Xiaomi’s been quite a phenomenon for the Indian market. In less than a year, it has managed to change quite a few things as far as how the market operates; selling devices at near cost (some even suspect they sold the first few batches at a loss), online-only flash sales and then of course, forcing people to look beyond the Chinese maal stereotype. To be as successful as Xiaomi has been in its short stint on the market required a radical approach combined with a strong marketing plan, and thus far, one can safely say it has been successful at that.
OnePlus, on the other hand, is still on its way up. The company’s first phone -- OnePlus One -- was plagued with controversy both in the international and the Indian market. The ‘startup’ couldn’t manage to keep up with the demand in its initial months, which left a lot of its potential buyers furious. However, with time (and perhaps resources), OnePlus has managed to keep a steady flow of its Ones, and it is now easier to get one than ever before.
Later today, the 64GB version of Xiaomi’s erstwhile flagship -- the Mi 4, before the Mi Note took over -- will go on sale for the first time, through its usual channel, i.e., Flipkart. The phone is a masterpiece as per the makers, and fortunately for the company, a lot of its buyers concur. On the other hand, the OnePlus One’s (another device which has received rave reviews) base model with a 16GB capacity also goes on sale today, which is priced at 1,000 INR lesser than the Mi 4, at 18,999 INR (vs. the Mi 4’s 19,999 INR).
Both phones have pretty much the same set of internals powering them; the Xiaomi Mi 4 comes with a 2.5GHz quad-core Snapdragon 801 processor, 3GB RAM, 16GB/64GB on-board (non-expandable) storage, a 13 mega-pixel main camera and a 3080mAh battery. The OnePlus One features the same 2.5GHz Snapdragon 801 SoC, the same 3GB of RAM, offers 16GB/64GB storage variants, and a 3100mAh battery.
The only differentiating factor between the phones, hardware-wise, is the screen, which one the Mi 4 stands at 5-inch 1080p, while on the One, it’s a 5.5-inch 1080p panel (add to it, both screens are sourced from the same OEM - JDI). Once you look beyond that, there’s another massive difference (more so than the hardware, if you ask me) -- that of the OS the devices run on. Neither come with stock AOSP Android, but feature heavily modded versions. The OnePlus One comes with the Cyanogen OS (commercial flavour of the community CyanogenMod ROM), while the Mi 4 runs MIUI 6 (Xiaomi’s first product, which also happened to be their only product for their first year since foundation).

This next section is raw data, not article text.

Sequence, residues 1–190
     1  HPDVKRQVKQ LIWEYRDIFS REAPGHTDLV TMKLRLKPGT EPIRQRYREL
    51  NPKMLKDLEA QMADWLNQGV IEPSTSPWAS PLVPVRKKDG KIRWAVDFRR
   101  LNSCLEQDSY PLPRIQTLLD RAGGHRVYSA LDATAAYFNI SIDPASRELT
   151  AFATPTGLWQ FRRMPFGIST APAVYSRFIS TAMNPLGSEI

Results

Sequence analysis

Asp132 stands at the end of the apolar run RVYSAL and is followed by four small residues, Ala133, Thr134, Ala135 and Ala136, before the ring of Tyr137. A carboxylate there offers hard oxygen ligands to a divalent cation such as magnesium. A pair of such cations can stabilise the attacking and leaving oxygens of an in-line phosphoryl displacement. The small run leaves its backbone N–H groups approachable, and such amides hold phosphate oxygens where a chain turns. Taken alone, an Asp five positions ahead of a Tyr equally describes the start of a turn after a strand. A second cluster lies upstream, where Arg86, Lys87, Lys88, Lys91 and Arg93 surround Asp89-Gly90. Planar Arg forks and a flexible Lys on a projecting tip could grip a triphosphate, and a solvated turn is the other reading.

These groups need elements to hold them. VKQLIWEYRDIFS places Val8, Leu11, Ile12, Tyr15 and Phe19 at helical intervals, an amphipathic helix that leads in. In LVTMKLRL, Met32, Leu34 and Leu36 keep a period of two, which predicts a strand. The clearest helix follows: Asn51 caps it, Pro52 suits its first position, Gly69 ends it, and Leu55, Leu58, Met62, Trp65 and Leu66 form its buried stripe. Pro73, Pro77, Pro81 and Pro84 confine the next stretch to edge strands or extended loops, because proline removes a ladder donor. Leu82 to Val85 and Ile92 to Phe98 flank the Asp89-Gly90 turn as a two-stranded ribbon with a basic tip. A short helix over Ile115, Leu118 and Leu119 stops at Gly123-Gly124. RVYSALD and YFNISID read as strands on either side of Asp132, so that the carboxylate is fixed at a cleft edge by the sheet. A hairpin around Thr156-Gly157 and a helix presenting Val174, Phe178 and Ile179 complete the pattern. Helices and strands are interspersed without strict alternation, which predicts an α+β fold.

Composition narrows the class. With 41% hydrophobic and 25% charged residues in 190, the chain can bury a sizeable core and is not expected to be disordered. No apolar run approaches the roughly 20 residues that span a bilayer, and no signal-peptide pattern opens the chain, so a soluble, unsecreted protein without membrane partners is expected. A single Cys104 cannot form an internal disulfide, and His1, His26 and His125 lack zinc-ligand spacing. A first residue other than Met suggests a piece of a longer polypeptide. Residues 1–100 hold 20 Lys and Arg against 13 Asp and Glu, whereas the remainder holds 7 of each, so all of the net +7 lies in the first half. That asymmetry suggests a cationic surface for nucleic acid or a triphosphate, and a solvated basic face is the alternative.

Xiaomi has managed to become more of what they call a ‘household name’ than OnePlus. While I can’t really fathom all of the contributing reasons, a major one certainly has to be the pricing of its first few phones -- the Mi 3, the Redmi 1S and the Redmi Note, more so than its most recent launch. The phones got the people talking, and the flash sales meant that supply was curated in a way that demand, at all times, remained higher than supply. Talk about capitalist marketing!
At four-and-a-half-years strong, Xiaomi also is more than twice as old as OnePlus. The company comes straight out of a thundering-successful stint in its home country of China. Their most high-profile recruit, and now their company’s global face -- Hugo Barra -- too has a major role to play in Xiaomi’s success as a truly international maker rather than just a Chinese company that ships its phones outside of China.
OnePlus has had more controversies going its way than comfort would allow, giving their disaster management team some crucial exercise. In the first few months of conception, OnePlus followed a rather unique marketing method that although gave the company a lot of media footage, also resulted in some negative publicity (something which the founders would’ve anticipated anyway). That’s a trade-off the company made, and it seems happy with it so far.
To speak of today’s sale, the OnePlus One and the Mi 4 are two of the best phones in the market. But the so-called ‘war’ isn’t as fierce as it may sound; despite them having near identical specs, a huge difference still stays in the form of size. Old skool folk that swear by one-handed usage and mobility wouldn’t think twice before going for the Mi 4, while the more flexible section of the junta shouldn’t really be bothered by the Mi 4’s presence; the One with its ultra-light Cyanogen OS ROM is one of the fastest phones around. What you have to keep in mind though is the fact that you’ll have to have registered beforehand for the Mi 4 to be able to purchase the phone today, while for the OnePlus One, you’ll be required to be in possession of an ‘invite’.
About the author:
Yash is a lover of all things classic with a soft corner for the latest tech and trends. Road trips, 8-bit video-games and drones are what he lives for; well, at least at the time of writing this author bio. You can follow him on Facebook and Twitter, or say hi at email@example.com.